Date finished: September 1st 2016
I’m not a big fan of chimpanzees, but even I have to concede that any man who has a chimp named after him is probably a decent guy. Nim Chimpsky was a chimp who linguists attempted to teach sign language in order to ascertain the language capacity of the species. Noam Chomsky is the man the ape was named after, and he is Professor Emeritus at MIT known for his work on linguistics (hence the chimp pun) as well as in politics and philosophy. Having read Media Control earlier in the year, I was intrigued to delve further into his work.
How the World Works is a collection of four of Chomsky’s earlier works, originally published between 1992 and 1998. This does somewhat date the content, with examples running up to Clinton’s presidency. But the political insight, analysis and condemnation is still an intelligent and necessarily scathing attack on the crimes of the governments of the Free World.
We start with What Uncle Sam Really Wants, a brutal account of postwar US foreign policy: it’s wars and why it conducted them; it’s meddling in third world countries (particularly Central America), controlling states and brutally repressing progress; and how it’s able to justify its actions at home through propaganda, silence and misdirection. It’s a harrowing look at the lengths to which the US has gone to protects its “interests” which in reality are the interests of big business. Much of the USA’s activity, legally justifiable as war crimes, has been to suppress progress elsewhere in order that it’s own populace doesn’t get any ideas above their station.
This is followed by The Prosperous Few and the Restless Many which is comprised of interviews with Chomsky on various topics including the globalised economy, the US-Israel relationship, the legacy of colonialism and much more. The interview format may sound off-putting but Chomsky elucidates at length in response to infrequent questions which only serve to direct the conversation. The level of insight Chomsky gives remains as detailed and as interesting as his writing in the first volume.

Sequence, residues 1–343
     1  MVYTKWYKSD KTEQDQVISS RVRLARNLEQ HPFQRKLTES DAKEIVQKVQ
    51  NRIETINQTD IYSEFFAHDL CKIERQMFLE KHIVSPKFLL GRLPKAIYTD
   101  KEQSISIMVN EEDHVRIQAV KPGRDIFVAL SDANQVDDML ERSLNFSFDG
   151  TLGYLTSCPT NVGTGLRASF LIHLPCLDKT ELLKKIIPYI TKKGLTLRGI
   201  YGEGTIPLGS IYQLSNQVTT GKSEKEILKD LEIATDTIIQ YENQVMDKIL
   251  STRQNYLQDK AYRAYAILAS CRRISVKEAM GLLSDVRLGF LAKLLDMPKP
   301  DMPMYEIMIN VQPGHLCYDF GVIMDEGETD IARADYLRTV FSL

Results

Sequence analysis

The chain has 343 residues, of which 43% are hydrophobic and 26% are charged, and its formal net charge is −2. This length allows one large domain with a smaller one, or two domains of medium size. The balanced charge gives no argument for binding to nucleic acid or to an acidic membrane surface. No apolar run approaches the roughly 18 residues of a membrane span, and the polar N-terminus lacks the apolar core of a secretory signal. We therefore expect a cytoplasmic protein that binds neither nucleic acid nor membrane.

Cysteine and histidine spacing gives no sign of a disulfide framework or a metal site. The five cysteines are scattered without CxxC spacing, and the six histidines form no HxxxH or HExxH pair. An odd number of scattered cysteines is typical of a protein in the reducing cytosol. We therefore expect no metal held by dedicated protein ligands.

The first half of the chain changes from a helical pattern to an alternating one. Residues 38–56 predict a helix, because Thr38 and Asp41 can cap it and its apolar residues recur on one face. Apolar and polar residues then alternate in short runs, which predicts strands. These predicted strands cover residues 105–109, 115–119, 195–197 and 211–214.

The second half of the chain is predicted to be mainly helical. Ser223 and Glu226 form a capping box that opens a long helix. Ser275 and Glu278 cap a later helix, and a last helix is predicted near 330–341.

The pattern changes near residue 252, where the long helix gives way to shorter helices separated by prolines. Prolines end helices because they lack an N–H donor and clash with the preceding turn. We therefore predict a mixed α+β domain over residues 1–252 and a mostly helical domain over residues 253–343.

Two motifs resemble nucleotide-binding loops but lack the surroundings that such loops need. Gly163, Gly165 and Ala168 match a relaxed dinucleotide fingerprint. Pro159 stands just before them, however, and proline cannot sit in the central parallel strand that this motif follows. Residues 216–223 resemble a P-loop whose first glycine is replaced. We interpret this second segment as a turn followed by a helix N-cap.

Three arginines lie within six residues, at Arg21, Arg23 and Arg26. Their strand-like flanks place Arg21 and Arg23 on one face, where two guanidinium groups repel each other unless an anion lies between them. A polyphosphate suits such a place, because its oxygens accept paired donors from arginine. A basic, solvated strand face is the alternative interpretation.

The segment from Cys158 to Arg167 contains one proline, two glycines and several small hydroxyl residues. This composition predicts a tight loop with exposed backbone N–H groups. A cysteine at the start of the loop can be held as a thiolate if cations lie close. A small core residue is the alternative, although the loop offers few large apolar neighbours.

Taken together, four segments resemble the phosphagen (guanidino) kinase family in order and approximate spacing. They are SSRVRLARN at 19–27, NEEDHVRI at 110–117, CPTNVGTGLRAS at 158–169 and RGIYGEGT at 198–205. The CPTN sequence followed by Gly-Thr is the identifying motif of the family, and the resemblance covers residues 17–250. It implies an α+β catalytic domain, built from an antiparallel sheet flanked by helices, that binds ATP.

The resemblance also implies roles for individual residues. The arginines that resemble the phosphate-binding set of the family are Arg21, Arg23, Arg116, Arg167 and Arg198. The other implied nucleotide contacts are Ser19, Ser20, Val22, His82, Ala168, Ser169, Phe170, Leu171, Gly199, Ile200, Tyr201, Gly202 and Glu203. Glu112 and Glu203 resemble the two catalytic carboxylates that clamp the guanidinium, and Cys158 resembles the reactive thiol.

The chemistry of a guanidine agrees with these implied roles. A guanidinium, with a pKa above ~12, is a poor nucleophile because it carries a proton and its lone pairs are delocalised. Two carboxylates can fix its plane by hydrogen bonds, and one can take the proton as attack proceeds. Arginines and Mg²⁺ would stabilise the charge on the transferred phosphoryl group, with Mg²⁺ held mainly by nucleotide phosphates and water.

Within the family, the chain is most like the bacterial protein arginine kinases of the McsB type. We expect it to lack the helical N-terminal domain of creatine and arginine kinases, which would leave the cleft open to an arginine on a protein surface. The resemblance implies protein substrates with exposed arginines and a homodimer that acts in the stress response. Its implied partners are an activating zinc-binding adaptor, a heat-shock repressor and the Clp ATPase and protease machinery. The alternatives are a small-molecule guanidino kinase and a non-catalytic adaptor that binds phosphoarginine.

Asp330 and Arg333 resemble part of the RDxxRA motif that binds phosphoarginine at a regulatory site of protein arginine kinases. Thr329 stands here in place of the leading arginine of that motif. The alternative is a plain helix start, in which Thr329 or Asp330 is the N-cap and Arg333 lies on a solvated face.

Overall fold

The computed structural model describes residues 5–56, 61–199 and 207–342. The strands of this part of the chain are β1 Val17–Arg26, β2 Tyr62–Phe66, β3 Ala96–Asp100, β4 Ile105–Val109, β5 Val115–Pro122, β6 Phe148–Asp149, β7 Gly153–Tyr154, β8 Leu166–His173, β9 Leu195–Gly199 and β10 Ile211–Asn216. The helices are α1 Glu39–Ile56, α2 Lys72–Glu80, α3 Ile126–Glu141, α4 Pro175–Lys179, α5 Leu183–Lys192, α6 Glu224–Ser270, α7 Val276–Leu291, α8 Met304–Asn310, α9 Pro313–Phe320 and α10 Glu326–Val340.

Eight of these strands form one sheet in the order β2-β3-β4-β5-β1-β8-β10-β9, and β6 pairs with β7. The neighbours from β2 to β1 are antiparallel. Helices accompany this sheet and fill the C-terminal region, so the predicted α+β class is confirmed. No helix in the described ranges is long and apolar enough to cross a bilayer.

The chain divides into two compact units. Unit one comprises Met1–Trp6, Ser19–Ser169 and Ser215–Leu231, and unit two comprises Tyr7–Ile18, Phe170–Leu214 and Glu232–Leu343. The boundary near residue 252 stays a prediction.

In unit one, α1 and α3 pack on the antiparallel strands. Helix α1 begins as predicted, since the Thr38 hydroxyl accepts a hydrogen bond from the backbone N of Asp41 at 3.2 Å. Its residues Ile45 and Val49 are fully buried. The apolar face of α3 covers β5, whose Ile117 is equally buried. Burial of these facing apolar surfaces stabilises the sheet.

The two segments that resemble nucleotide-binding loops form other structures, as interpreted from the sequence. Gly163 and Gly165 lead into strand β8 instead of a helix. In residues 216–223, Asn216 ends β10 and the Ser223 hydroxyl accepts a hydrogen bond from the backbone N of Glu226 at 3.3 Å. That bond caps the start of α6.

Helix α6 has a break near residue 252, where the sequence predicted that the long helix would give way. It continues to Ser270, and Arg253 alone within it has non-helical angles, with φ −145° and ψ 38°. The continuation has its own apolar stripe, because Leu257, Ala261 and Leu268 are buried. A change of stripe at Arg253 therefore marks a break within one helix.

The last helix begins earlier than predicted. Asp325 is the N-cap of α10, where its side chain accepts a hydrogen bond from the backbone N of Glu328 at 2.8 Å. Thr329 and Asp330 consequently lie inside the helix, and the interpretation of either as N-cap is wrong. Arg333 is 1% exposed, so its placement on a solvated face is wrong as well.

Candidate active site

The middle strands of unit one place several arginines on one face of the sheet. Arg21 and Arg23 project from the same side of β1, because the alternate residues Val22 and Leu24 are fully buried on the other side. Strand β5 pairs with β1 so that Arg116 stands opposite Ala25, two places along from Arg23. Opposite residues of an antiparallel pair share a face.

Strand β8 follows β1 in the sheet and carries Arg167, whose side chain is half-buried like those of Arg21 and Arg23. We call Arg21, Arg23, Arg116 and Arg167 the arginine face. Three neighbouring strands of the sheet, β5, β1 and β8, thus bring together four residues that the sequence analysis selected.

Secrets, Lies and Democracy comes next, and it’s at this point you realise that, rather than being distinctly separate ideas, each Chomsky book is very much related, because the symptoms of democratic decay that he diagnoses are the root causes of many of our global problems. Time and time again these come down to an elite that seeks to govern whilst limiting the power and knowledge of the masses whilst keeping big business placated. However, in this volume, he focuses more directly on the American working class and how they are kept down and manipulated by various facets of the establishment, before moving on to the illegal, immoral and inexcusable actions of the US abroad, destroying the economies and lives of many in developing third world countries.
Finally, we come to The Common Good which is arguably the stand-out volume of the four. How and why is hard to relate: the topics remain more or less the same, analysing big business’ stranglehold on US and global politics, as well as a touching briefly upon a plethora of other subjects – from sports to postmodernism. It just seems that Chomsky’s a bit more riled up in The Common Good and the weight of his words is heftier. It gives a great book an even better ending.
How the World Works proves to be a fantastic introduction to the ideas of Noam Chomsky. These edited volumes dispense with overanalysis (and sources, though Chomsky provides extensive citations in his work usually) and unnecessary depth to provide a great overview of the theories and ideas that Chomsky has pursued over the course of his career, as well as a harrowing look at the real political goals of the West. This is a book we would all do well to read.
What Uncle Sam Really Wants – 8/10
The Prosperous Few and the Restless Many – 7/10
Secrets, Lies and Democracy – 8/10
The Common Good – 9/10